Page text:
About 200 people gathered in Prague's Wenceslas Square Saturday on the 20th anniversary of the Warsaw Pact invasion that crushed reform in 1968.

They discussed the need for more freedom in Czechoslovakia as uniformed and plainclothes police stood near the gathering and checked identity documents.Participants had responded to leaflets distributed to mailboxes by a group called the "Critical Citizens."

Earlier, police detained the three spokesmen of the human rights group Charter 77 as they walked to the Soviet Embassy with a statement demanding that the Kremlin tell the truth about the invasion by Soviet and Warsaw Pact tanks and troops on Aug. 20-21, 1968.

The invasion crushed the "Prague Spring" of reform pioneered by then-Communist Party leader Alexander Dubcek, who was ousted in April 1969 and expelled from the Communist Party in 1970.

Dubcek said in Bratislava this week he planned to spend the anniversary quietly at his country cottage.

Despite pouring rain, about 200 people converged on Wenceslas Square, the scene of fierce protests against the 1968 invasion.

The gathering reflected increased activism by a handful of independent groups formed in Czechoslovakia since Mikhail S. Gorbachev began implementing his reforms in the Soviet Union over the past three years.

A group of about 100 sang the Czech and Slovak national anthems, then discussed what could be done to change the country. Some called for more religious freedom, democratic elections and constitutional reform.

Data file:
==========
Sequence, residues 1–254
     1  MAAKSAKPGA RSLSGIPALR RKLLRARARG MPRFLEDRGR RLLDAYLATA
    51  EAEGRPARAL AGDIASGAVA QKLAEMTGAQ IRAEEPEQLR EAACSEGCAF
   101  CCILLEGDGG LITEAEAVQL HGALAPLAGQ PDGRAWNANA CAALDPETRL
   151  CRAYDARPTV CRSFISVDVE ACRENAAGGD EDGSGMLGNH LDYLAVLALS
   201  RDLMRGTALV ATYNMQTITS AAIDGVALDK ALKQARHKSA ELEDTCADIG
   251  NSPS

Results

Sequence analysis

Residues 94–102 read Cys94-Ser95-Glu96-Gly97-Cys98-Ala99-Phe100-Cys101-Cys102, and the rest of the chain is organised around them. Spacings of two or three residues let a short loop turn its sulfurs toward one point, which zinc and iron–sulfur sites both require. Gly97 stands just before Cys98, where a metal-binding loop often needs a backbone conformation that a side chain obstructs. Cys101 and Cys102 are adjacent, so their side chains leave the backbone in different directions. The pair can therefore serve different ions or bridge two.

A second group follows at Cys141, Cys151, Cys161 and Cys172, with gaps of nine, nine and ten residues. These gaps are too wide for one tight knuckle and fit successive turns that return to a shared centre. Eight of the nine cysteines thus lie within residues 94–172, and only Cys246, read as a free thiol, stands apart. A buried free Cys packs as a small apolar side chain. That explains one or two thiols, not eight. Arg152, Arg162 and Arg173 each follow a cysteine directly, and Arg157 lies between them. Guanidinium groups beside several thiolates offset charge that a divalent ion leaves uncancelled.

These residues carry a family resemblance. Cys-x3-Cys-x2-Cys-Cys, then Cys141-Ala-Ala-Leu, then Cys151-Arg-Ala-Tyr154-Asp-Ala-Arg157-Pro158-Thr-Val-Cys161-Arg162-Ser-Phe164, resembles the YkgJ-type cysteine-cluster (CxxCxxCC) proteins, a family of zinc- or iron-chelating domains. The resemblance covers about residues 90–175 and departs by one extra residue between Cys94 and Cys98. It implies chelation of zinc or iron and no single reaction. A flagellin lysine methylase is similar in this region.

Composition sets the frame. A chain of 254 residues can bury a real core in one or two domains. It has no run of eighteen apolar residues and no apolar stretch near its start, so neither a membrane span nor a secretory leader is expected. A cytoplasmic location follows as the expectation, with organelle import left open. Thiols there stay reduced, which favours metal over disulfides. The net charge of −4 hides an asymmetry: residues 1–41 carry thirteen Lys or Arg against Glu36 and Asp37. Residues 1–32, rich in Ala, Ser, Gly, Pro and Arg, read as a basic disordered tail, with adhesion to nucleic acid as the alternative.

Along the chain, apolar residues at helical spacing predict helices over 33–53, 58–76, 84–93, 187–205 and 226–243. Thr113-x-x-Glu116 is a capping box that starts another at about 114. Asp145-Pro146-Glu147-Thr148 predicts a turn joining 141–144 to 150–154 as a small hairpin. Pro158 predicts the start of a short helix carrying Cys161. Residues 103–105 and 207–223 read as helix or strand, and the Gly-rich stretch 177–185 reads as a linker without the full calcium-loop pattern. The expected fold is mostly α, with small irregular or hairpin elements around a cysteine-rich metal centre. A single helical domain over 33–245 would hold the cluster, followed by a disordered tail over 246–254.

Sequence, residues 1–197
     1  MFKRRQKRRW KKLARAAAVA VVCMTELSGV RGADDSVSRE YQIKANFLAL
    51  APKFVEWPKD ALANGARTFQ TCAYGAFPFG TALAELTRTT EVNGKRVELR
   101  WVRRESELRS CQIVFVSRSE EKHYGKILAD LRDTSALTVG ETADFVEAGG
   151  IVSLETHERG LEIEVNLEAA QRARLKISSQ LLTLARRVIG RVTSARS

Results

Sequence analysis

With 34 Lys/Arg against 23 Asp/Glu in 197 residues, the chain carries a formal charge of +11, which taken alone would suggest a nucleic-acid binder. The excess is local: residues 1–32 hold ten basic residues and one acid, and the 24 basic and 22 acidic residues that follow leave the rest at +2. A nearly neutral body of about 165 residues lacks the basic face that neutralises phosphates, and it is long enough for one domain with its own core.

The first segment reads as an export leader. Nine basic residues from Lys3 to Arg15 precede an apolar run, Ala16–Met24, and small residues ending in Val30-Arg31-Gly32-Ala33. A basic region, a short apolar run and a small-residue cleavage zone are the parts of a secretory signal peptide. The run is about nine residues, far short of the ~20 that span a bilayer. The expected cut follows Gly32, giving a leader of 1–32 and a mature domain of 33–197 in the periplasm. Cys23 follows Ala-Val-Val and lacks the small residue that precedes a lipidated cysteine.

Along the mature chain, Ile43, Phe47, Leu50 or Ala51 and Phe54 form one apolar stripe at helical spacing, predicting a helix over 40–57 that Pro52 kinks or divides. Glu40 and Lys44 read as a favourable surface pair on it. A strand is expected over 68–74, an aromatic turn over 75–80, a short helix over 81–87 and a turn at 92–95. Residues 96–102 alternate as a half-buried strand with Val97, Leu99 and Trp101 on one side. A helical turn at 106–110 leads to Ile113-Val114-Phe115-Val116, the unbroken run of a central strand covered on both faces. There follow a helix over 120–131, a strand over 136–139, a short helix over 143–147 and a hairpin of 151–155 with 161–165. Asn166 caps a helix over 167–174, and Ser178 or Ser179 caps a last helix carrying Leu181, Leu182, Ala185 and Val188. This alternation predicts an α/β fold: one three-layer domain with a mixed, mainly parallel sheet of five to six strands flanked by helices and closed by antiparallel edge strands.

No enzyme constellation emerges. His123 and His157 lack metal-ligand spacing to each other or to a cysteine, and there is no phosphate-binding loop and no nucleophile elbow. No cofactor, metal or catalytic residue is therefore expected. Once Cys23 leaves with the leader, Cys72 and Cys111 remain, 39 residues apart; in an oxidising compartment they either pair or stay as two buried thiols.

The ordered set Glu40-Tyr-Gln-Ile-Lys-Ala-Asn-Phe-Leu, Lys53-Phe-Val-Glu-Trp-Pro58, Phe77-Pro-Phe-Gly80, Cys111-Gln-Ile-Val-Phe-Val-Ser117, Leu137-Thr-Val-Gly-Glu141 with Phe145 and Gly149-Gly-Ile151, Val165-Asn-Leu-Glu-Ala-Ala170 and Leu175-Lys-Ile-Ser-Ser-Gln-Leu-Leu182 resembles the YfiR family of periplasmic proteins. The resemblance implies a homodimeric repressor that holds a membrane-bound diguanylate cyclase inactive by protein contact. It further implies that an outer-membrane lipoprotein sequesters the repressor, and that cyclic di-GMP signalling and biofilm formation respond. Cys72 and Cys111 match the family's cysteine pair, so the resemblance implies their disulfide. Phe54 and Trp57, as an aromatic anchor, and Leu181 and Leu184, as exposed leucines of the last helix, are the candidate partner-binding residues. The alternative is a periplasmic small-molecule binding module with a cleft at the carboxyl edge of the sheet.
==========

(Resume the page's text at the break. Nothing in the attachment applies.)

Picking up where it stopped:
Roman Catholic believers in Czechoslovakia have grown more active in recent months. About a half million signed a petition to communist authorities this year demanding more bishops for vacant sees, more priests and an end to alleged harassment of believers.

A young man who said he was from Slovakia appeared to lead the hourlong discussion, in which there was no specific mention of the 1968 invasion. Western diplomats said those who had initiated the discussion were not known activists.

A group called "Czech Children" also distributed leaflets calling for a discussion on Wenceslas Square Sunday.

Charter 77 spokesmen Stanislav Devaty, Milos Hajek and Bohumir Janat had announced plans to lay flowers on the square, at the Central Committee building and at state radio to commemorate countrymen who were killed or injured in violence at those sites after the invasion.

But an unidentified man at the square told the crowd: "Those with the stronger experience are not here. They are in jail. Now the spokesmen of Charter 77 are in the police station."

It was presumed the three spokesmen would be detained for 48 hours and then released. Czechoslovak law allows detention for 48 hours without charge.

Police warned other leading group members before the weekend they would be detained, and left town for the anniversary.

Police presence was heavy in the capital Saturday, but few citizens were expected to make any public display of emotion over the anniversary.

Commentaries in the state-run media continued to reflect the official view that the invasion was a painful but necessary move because Dubcek and other leaders allowed reform to veer out of control, threatening Czechoslovakia's ties to the Warsaw Pact.